The Amazon Rainforest burns thanks to hundreds of forest fires caused by humans. Now NASA has discovered a gigantic cloud of harmful carbon monoxide (CO) rising from the flame into the atmosphere.
In terrifying new images on the NASA website, you can see how the cloud develops between August 8 and 22. The images are from a satellite-based instrument called the Atmospheric Infrared Sounder (AIRS), detects the infrared radiation in the earth's atmosphere.
The cloud first appears as a greenish spot over Brazil before rapidly spreading across the east and west coasts of South America, gradually dimming from green to yellow to red. This color shift means an increase in CO concentration in the atmosphere from about 1
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"A Pollutant that can cover great distances, carbon monoxide may be about one Remain in the atmosphere for a month, "wrote NASA in a press release . "At the altitude [about 18,000 feet, or 5,500 meters above the forest] mapped in these images, the gas has little impact on the air we breathe, but strong winds can drag it down where it can significantly affect air quality."
CO is odorless, colorless and tasteless, making it a particularly dangerous pollutant. According to the Mayo Clinic after excessive exposure to CO fumes, your body may replace CO in your red blood cells, which prevents oxygen from entering your bloodstream, causing brain damage and even death. Volcanoes and bushfire regularly burp traces of CO into the atmosphere. However, human activities, mainly in the form of car exhaust and emissions from industrial processes, contribute to a huge increase in CO concentration in cities.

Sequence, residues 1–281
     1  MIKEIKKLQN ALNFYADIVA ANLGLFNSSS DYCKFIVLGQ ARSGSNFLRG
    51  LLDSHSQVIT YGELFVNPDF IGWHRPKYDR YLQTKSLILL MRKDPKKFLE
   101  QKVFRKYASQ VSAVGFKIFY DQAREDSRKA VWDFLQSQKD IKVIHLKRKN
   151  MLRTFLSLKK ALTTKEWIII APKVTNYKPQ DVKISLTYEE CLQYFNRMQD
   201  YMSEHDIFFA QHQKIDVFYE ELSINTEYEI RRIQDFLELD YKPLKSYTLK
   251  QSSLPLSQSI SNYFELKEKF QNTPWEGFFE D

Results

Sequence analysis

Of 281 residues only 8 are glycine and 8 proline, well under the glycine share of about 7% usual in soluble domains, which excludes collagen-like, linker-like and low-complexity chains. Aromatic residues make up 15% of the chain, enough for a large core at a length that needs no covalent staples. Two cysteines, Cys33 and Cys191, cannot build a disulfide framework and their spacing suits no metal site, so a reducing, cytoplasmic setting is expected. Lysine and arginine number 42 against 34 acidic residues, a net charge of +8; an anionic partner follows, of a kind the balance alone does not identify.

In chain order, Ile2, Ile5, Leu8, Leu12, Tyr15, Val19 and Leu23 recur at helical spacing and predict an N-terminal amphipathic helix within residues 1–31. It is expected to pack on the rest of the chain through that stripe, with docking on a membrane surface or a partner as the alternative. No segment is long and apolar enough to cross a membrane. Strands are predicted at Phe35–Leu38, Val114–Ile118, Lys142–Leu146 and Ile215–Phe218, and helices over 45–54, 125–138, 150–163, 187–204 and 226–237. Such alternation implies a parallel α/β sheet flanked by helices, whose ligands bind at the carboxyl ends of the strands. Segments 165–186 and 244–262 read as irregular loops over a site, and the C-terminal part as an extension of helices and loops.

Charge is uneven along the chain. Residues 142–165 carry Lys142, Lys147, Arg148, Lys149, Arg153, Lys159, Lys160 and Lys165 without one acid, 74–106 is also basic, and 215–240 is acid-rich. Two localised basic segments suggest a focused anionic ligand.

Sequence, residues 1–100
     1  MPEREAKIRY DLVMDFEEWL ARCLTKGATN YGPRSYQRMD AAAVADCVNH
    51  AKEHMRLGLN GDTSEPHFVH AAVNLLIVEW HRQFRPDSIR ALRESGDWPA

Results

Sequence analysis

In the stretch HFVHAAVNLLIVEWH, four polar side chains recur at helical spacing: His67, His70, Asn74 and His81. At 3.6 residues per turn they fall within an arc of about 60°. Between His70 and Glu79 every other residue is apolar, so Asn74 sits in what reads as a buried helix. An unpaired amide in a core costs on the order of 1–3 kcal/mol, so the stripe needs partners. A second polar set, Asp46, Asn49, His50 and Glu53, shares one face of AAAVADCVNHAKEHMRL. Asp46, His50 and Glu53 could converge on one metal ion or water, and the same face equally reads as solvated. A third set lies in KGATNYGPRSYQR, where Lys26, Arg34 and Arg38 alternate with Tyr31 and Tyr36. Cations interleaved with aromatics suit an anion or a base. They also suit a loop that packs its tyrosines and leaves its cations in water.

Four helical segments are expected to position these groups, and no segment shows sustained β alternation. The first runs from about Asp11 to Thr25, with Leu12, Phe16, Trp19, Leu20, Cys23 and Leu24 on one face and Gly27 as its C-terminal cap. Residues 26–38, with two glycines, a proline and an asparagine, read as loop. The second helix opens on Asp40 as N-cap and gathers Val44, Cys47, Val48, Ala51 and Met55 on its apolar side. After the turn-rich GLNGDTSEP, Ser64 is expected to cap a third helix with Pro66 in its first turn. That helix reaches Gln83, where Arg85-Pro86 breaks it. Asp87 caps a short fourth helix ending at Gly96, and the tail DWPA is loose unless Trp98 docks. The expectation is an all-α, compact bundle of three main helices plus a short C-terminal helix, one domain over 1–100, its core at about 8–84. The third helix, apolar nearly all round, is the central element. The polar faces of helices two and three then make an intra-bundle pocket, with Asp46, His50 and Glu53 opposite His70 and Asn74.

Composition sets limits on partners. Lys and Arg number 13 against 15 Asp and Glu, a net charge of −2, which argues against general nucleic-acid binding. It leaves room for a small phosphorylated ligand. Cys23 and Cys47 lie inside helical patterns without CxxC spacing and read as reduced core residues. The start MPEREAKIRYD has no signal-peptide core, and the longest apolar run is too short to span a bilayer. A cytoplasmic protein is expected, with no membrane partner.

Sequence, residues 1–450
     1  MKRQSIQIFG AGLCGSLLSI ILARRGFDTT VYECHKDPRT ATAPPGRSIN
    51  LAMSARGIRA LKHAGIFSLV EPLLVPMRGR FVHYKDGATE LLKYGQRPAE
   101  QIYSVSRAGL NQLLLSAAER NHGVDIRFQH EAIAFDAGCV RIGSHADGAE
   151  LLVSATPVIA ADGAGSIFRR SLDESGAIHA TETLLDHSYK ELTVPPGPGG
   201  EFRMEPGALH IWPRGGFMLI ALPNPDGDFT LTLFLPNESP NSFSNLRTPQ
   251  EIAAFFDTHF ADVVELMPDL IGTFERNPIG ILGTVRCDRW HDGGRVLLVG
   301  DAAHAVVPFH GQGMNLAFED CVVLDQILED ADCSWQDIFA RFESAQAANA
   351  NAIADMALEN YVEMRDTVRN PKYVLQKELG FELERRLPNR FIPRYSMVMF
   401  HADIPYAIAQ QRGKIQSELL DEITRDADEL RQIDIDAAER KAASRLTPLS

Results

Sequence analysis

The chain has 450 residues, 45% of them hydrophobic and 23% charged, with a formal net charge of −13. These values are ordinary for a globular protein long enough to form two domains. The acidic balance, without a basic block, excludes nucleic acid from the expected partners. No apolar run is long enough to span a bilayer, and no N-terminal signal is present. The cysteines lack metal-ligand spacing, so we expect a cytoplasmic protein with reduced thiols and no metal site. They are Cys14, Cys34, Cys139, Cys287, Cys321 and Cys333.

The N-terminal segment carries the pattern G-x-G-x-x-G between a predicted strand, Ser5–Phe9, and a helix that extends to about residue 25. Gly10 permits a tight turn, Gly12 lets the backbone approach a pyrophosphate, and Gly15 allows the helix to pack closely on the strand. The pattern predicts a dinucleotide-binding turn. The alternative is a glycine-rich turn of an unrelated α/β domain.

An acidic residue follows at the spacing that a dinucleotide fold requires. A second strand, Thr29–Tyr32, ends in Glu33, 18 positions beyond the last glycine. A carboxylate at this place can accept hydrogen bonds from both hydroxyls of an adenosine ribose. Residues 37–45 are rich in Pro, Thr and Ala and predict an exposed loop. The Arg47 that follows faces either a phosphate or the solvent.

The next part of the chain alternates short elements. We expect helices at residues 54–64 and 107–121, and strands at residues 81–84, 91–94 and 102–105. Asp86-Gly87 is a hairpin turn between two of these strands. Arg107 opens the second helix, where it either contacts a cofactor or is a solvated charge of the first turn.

The recently discovered cloud can float too high to pose a serious risk to the ground, it is not the only danger in the air from the ongoing forest fires. Last week, smoke from the fires traveled halfway through Brazil to cover São Paulo in a midnight black haze in the middle of the afternoon.
Most Amazon fires were probably purposely set to deface parts of São Paulo. Live Science previously reported that it is the rain forest for industrial purposes. Brazilian President Jair Bolsonaro, who rejects mainstream climate science, has promised to open the Amazon to industry.
Indeed, deforestation in the Amazon region increased by 278% in July 2019 compared to July 2018, according to satellite data of the National Institute for Space Research (INPE) of the Brazilian government. Bolsonaro denied the results of the satellite and promptly dismissed after the publication of the data the INPE Director-General Ricardo Galvão.
Originally published on Live Science .